What Rowling Did Wrong

Last month J. K. Rowling started a hullabaloo when she questioned the suitability and long-term viability of Ron and Hermione’s relationship.

I personally wasn’t fazed by the whole who-should-be-with-who argument. What did concern me was that Rowling had overstepped her bounds as an author by casting doubt on a storyline she had already finished. 

The Harry Potter series had (and still has) a huge impact on the literary world, which means that Rowling has a huge impact on the literary world. She is currently the most well-known example of what it means to be a writer—and that’s why her comment irks me. It disrespects the relationship between writer and reader.

I know some of you disagree with me. You say that Rowling clearly identifies with Hermione and is more musing on her own life than on the lives of her characters. But here’s the thing:

You’re absolutely right.

The Potter characters obviously mean a great deal to Rowling. In a 2012 interview with Oprah, she said:

When [Harry Potter] ended, I was in a slight state of shock. Initially I was elated, but then there came a point [when] I cried as I’ve only cried once before in my life and that was when my mother died. It was uncontrollable . . . For 17 years I’d had [these books], through some very tumultuous times in my personal life, and I’d always had that. It was an escape for all these children; you can imagine what it had been for me.

And when Oprah said, “But you know what happens ever after,” Rowling replied:

Yeah, I do. I couldn’t stop. I don’t think you can stop when you’ve been that involved with characters for that long. It’s still all in there. They’re all in my head still. I mean, I could definitely write an eighth, ninth, tenth [book].

Let me clarify.

I’m not saying that Rowling doesn’t have the right to portray her characters as she sees fit or that she doesn’t have the right to vicariously portray herself through her characters. I would’ve had no problem with Rowling’s Ron/Hermione comment if she had written those ideas in an eighth, ninth, or tenth book.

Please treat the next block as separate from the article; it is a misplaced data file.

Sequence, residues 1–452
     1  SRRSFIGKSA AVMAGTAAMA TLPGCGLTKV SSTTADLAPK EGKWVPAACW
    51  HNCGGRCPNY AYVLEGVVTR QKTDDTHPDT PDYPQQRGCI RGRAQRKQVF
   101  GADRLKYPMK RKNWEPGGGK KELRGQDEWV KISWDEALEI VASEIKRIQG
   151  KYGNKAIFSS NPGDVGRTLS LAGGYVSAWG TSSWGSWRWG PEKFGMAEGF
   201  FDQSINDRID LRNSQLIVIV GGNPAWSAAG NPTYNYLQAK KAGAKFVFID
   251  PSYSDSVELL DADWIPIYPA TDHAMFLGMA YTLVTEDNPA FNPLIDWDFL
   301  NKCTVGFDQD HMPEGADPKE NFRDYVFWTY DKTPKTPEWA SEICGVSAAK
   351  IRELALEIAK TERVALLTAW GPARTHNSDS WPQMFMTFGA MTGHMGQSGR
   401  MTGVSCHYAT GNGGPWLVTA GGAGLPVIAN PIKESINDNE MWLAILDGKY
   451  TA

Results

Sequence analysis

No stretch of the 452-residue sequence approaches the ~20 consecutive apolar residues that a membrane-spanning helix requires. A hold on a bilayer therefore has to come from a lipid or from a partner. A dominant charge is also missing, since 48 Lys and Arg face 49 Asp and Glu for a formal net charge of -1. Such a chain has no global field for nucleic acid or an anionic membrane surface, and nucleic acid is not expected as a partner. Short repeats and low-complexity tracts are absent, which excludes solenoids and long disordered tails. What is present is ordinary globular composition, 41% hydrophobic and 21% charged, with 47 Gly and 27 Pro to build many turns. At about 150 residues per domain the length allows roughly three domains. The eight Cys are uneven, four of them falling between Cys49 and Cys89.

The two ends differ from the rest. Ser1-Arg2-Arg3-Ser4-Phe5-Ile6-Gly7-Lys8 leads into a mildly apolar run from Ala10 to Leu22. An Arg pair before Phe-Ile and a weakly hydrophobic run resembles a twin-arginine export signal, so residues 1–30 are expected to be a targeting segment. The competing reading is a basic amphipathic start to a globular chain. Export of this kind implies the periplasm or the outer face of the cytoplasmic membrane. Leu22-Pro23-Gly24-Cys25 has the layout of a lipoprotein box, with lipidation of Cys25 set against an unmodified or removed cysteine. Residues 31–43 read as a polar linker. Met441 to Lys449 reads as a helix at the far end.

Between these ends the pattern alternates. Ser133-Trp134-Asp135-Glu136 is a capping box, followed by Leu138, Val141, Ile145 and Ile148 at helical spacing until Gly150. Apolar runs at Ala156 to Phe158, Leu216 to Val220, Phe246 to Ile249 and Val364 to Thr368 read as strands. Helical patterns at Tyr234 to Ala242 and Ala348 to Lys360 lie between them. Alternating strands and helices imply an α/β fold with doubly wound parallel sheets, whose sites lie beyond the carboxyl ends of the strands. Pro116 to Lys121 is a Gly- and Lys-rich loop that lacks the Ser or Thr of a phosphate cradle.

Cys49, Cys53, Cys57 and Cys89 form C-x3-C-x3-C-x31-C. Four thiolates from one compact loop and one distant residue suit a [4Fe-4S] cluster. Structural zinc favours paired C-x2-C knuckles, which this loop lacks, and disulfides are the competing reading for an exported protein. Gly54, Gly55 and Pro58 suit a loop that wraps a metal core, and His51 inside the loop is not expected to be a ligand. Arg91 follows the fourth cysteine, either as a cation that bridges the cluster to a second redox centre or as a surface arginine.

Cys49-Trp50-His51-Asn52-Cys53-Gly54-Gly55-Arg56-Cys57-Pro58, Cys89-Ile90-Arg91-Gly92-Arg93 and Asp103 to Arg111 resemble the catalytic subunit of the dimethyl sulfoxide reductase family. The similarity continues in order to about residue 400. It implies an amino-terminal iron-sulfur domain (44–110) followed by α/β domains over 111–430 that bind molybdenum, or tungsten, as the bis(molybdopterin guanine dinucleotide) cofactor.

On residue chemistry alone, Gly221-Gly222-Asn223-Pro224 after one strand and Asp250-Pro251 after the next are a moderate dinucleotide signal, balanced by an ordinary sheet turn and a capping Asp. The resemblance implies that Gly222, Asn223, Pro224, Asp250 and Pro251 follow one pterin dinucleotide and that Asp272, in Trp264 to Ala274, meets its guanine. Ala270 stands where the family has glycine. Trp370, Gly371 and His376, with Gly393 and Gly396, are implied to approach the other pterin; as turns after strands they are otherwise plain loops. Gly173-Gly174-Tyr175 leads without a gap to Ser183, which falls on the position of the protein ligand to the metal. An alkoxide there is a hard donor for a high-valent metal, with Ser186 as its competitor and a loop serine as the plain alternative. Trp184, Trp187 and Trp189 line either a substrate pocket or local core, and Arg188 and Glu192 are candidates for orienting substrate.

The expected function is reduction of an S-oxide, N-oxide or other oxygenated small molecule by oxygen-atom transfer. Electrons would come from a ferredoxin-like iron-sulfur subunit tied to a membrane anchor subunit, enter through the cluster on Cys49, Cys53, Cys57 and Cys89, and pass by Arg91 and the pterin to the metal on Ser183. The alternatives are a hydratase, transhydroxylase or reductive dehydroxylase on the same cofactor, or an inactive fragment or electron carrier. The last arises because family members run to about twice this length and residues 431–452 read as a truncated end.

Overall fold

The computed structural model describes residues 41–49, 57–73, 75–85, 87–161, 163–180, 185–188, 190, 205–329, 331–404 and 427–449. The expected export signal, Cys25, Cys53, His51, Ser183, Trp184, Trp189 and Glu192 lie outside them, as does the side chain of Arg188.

But once a writer puts down her pen, she’s handed over the imaginative rights of her story to her readers, and it’s disrespectful to take that back and say, No, this is actually what happens, no matter how you imagined it.

Just after finishing the final Potter book, Rowling said:

It gives me a certain satisfaction to say what I thought happened and to tell other people that, because I would like my version to be the official version still even though I haven’t written it in a book. Because it’s my world.

Part of me agrees with her. She did spend years writing Harry Potter and it is her world . . . but then there’s another part of me that says, Isn’t that selfish, though?

Rowling insists she’s done with Potter, yet she won’t allow her readers to keep the story alive in their own imaginations and in their own ways.

In the end this argument boils down to one simple question: where does a writer draw the line between her rights as creator and her responsibility to readers?

I firmly believe that the best books come from writers who have the utmost respect for their readers; they’re driven to create better stories, better characters, and better worlds because they have too much respect for their readers to give anything less.

And yes, Rowling has done that in so many ways . . . I just have to disagree with her on this one.

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One thought on “What Rowling Did Wrong

  1. I 100% agree with you. I don’t think it’s fair for Rowling to continuously retcon things after the fact. If it didn’t happen in the books, don’t tell me and let me imagine things on my own.

    Like

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